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Elastic instability

## Summary

Elastic instability is a form of instability occurring in elastic systems, such as buckling of beams and plates subject to large compressive loads.

Elastic instability of a rigid beam supported by an angular spring.

There are a lot of ways to study this kind of instability. One of them is to use the method of incremental deformations based on superposing a small perturbation on an equilibrium solution.

## Single degree of freedom-systems

Consider as a simple example a rigid beam of length L, hinged in one end and free in the other, and having an angular spring attached to the hinged end. The beam is loaded in the free end by a force F acting in the compressive axial direction of the beam, see the figure to the right.

### Moment equilibrium condition

Assuming a clockwise angular deflection ${\displaystyle \theta }$ , the clockwise moment exerted by the force becomes ${\displaystyle M_{F}=FL\sin \theta }$ . The moment equilibrium equation is given by

${\displaystyle FL\sin \theta =k_{\theta }\theta }$

where ${\displaystyle k_{\theta }}$  is the spring constant of the angular spring (Nm/radian). Assuming ${\displaystyle \theta }$  is small enough, implementing the Taylor expansion of the sine function and keeping the two first terms yields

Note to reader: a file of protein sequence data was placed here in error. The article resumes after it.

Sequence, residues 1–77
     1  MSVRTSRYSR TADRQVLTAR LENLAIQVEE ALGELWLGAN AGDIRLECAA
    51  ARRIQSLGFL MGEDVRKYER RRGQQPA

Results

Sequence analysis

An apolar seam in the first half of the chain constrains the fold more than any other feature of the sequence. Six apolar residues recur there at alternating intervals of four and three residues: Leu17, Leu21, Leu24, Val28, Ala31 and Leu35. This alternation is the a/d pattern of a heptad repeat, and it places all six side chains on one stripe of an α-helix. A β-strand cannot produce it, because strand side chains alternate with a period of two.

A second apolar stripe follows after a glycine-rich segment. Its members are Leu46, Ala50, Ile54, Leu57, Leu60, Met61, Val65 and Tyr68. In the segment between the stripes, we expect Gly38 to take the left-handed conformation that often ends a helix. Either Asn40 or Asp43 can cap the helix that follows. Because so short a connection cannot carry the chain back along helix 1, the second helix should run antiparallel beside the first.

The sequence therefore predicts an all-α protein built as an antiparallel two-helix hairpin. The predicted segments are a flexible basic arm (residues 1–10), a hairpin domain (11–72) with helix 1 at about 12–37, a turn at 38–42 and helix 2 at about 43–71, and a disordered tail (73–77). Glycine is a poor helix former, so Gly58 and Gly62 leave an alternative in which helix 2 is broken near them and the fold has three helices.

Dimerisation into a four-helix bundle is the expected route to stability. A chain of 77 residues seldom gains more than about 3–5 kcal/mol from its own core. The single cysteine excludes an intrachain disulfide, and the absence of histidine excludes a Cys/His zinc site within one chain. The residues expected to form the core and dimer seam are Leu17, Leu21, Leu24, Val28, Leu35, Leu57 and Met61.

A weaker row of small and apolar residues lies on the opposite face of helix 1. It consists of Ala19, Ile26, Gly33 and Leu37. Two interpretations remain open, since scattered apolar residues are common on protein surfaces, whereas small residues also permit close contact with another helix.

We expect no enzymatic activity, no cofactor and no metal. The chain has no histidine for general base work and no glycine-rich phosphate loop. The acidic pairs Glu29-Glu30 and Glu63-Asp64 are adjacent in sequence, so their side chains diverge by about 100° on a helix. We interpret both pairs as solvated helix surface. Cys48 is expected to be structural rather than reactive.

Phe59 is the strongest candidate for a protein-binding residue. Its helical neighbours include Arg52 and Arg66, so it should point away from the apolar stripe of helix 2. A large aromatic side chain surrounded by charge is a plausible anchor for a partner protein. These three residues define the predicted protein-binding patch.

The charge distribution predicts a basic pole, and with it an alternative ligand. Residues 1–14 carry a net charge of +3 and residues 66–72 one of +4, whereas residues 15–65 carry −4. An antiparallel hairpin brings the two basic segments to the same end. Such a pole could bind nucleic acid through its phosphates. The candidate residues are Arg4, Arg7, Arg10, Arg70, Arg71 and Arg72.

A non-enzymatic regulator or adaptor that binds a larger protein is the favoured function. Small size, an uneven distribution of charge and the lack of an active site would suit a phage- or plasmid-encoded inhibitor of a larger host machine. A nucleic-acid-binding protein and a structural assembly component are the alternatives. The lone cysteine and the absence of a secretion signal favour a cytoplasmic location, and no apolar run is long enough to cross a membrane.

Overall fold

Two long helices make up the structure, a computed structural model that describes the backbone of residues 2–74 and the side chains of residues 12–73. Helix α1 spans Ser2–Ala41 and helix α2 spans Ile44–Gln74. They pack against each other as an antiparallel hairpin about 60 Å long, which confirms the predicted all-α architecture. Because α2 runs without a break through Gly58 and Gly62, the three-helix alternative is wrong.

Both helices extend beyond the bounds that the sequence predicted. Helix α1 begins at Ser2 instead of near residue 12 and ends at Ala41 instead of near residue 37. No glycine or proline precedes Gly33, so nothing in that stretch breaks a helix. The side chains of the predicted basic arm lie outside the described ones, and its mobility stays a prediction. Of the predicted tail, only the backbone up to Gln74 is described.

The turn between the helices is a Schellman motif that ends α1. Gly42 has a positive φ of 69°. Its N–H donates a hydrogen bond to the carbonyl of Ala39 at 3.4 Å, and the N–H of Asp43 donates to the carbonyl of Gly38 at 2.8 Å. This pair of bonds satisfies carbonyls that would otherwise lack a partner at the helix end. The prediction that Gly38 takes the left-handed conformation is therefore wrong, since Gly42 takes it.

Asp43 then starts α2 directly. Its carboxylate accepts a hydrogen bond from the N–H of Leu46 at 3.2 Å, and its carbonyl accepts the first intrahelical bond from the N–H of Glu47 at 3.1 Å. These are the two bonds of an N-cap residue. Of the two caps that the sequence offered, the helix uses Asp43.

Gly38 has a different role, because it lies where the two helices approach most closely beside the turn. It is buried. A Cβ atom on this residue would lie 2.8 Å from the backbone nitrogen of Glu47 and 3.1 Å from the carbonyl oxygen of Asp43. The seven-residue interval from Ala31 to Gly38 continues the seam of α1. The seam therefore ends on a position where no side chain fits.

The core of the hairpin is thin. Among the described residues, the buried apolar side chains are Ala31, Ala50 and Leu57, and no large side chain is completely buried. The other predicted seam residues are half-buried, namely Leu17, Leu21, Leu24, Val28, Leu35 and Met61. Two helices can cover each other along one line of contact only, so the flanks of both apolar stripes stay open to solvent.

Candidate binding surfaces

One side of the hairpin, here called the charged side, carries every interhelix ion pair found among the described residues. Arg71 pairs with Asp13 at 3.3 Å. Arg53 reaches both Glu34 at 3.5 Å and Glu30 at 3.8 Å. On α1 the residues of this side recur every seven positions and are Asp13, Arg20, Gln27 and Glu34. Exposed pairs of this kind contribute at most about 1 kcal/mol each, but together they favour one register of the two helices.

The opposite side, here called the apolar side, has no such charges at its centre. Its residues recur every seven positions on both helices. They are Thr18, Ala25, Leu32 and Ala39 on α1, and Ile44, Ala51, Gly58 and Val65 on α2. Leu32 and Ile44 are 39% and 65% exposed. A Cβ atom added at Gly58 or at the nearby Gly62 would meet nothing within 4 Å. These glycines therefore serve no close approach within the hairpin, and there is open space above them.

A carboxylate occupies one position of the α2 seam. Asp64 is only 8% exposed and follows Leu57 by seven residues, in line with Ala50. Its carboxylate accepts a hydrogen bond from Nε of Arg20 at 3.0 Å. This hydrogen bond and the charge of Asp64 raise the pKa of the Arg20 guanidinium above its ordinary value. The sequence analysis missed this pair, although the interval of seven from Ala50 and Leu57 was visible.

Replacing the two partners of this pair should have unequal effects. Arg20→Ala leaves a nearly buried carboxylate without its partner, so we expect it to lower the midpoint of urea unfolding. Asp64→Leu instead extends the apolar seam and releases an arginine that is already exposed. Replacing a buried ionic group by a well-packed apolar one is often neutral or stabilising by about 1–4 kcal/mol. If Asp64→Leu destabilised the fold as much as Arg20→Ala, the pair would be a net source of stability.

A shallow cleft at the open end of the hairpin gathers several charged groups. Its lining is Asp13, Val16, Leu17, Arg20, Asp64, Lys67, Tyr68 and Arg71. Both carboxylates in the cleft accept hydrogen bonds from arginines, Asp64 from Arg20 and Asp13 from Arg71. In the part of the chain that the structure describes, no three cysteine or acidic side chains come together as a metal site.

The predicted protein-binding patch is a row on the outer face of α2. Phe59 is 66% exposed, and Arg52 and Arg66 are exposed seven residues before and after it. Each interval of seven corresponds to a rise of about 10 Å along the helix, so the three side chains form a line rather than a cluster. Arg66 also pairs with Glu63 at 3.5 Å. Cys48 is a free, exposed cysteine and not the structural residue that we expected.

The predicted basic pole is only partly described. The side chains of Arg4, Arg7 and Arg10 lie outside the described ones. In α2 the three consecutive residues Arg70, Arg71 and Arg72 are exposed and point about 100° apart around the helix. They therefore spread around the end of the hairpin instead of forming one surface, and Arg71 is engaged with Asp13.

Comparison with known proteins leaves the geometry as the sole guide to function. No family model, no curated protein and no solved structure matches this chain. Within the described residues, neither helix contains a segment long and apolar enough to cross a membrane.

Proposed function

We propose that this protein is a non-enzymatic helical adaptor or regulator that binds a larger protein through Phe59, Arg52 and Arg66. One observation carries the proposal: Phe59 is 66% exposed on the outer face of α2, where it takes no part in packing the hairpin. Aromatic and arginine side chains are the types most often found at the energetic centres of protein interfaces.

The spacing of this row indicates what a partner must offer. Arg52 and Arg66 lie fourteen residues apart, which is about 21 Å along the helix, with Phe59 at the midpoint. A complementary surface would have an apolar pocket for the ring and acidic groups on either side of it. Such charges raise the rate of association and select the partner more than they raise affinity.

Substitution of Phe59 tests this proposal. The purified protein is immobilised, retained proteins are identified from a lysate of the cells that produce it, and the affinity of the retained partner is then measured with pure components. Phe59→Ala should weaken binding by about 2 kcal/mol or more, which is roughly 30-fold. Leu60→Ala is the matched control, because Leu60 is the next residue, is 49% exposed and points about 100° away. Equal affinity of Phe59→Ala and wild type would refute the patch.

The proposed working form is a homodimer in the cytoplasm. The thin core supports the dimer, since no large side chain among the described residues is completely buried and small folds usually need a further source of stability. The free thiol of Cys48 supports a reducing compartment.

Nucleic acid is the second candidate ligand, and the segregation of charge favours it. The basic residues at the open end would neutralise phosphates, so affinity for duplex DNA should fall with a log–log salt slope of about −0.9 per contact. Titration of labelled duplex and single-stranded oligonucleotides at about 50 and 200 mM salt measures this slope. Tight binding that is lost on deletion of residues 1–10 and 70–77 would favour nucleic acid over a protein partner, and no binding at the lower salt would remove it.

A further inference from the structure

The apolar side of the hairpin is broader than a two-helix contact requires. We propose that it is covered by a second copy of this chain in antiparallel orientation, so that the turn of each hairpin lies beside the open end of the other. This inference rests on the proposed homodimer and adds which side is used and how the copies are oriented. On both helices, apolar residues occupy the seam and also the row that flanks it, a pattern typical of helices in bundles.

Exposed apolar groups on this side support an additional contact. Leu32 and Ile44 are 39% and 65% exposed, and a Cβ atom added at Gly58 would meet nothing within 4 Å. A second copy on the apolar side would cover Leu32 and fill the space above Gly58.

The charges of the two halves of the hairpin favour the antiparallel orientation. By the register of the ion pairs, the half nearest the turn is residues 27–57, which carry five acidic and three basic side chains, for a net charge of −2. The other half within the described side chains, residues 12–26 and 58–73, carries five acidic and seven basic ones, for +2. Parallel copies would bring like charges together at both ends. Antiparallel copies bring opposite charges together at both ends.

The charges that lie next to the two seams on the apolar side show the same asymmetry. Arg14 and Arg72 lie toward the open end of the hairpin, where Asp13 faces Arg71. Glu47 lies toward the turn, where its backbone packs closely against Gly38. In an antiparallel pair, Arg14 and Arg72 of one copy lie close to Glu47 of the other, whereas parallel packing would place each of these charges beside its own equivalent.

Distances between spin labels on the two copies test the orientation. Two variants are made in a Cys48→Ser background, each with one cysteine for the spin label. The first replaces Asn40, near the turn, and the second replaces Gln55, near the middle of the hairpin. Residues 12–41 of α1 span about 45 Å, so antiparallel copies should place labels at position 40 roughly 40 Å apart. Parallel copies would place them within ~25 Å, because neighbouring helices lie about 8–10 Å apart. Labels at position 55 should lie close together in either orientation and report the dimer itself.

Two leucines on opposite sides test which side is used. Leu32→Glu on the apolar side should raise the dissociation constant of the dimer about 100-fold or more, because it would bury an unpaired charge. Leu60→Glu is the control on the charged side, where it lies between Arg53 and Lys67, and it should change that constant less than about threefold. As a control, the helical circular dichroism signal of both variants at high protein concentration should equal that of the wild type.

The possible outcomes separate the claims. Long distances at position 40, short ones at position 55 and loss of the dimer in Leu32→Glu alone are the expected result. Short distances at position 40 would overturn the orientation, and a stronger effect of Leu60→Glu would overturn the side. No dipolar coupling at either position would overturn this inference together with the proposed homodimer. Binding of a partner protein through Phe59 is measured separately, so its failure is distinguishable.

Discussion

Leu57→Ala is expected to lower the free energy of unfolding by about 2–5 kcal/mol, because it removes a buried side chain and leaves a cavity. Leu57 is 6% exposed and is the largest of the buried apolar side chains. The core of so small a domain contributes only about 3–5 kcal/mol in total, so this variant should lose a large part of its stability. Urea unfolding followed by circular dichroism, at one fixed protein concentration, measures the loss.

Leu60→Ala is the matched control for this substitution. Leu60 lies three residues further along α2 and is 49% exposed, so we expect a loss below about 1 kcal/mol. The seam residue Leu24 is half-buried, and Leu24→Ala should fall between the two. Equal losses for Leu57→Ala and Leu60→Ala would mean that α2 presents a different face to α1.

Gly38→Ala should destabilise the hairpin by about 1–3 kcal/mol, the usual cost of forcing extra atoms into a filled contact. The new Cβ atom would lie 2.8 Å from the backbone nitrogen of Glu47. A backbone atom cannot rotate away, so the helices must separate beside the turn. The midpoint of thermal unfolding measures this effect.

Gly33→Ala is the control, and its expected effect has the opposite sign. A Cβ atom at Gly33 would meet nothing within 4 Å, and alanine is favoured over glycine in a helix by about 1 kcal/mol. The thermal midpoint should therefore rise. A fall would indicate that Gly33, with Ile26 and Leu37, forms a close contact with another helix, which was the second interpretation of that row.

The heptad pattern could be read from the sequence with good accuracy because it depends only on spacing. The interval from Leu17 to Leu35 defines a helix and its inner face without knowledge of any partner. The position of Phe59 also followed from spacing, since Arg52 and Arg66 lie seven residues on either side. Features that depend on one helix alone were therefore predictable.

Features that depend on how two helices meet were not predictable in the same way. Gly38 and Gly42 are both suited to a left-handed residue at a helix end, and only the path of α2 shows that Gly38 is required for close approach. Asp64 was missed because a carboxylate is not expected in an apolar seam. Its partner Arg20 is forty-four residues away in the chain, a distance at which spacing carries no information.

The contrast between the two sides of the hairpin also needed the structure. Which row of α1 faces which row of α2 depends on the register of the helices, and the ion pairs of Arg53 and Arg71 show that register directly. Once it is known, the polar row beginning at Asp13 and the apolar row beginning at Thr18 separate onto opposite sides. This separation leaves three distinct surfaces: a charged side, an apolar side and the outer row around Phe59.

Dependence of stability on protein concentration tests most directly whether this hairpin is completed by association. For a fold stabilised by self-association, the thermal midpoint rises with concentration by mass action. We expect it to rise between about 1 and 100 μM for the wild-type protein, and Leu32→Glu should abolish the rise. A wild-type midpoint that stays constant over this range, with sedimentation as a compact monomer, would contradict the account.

${\displaystyle FL{\Bigg (}\theta -{\frac {1}{6}}\theta ^{3}{\Bigg )}\approx k_{\theta }\theta }$

which has three solutions, the trivial ${\displaystyle \theta =0}$ , and

${\displaystyle \theta \approx \pm {\sqrt {6{\Bigg (}1-{\frac {k_{\theta }}{FL}}{\Bigg )}}}}$

which is imaginary (i.e. not physical) for ${\displaystyle FL  and real otherwise. This implies that for small compressive forces, the only equilibrium state is given by ${\displaystyle \theta =0}$ , while if the force exceeds the value ${\displaystyle k_{\theta }/L}$  there is suddenly another mode of deformation possible.

### Energy method

The same result can be obtained by considering energy relations. The energy stored in the angular spring is

${\displaystyle E_{\mathrm {spring} }=\int k_{\theta }\theta \mathrm {d} \theta ={\frac {1}{2}}k_{\theta }\theta ^{2}}$

and the work done by the force is simply the force multiplied by the vertical displacement of the beam end, which is ${\displaystyle L(1-\cos \theta )}$ . Thus,

${\displaystyle E_{\mathrm {force} }=\int {F\mathrm {d} x=FL(1-\cos \theta )}}$

The energy equilibrium condition ${\displaystyle E_{\mathrm {spring} }=E_{\mathrm {force} }}$  now yields ${\displaystyle F=k_{\theta }/L}$  as before (besides from the trivial ${\displaystyle \theta =0}$ ).

### Stability of the solutions

Any solution ${\displaystyle \theta }$  is stable iff a small change in the deformation angle ${\displaystyle \Delta \theta }$  results in a reaction moment trying to restore the original angle of deformation. The net clockwise moment acting on the beam is

${\displaystyle M(\theta )=FL\sin \theta -k_{\theta }\theta }$